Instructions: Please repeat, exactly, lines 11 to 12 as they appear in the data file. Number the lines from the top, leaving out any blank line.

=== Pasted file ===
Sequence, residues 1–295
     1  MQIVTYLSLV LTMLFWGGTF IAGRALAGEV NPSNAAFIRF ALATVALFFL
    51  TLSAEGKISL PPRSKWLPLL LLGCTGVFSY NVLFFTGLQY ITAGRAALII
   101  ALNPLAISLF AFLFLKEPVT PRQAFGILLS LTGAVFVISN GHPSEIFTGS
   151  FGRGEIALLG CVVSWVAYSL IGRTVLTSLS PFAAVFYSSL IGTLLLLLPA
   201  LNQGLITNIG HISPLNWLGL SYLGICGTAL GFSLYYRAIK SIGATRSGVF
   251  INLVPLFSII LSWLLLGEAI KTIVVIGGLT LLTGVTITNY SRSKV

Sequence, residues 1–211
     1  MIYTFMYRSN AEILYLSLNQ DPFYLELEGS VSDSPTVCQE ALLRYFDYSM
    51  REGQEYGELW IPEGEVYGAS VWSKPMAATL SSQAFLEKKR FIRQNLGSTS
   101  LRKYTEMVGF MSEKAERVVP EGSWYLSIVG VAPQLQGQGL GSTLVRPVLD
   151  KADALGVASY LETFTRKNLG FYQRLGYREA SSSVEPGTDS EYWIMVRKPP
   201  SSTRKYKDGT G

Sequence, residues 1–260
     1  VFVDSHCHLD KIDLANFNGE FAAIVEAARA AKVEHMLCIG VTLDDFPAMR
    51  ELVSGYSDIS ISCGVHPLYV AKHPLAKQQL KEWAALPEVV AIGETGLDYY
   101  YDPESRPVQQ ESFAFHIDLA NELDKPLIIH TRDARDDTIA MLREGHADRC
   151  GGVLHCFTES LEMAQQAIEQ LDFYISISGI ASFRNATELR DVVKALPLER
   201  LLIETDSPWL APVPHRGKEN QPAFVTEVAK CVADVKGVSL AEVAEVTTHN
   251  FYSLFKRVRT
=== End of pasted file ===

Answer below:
   101  LRKYTEMVGF MSEKAERVVP EGSWYLSIVG VAPQLQGQGL GSTLVRPVLD
   151  KADALGVASY LETFTRKNLG FYQRLGYREA SSSVEPGTDS EYWIMVRKPP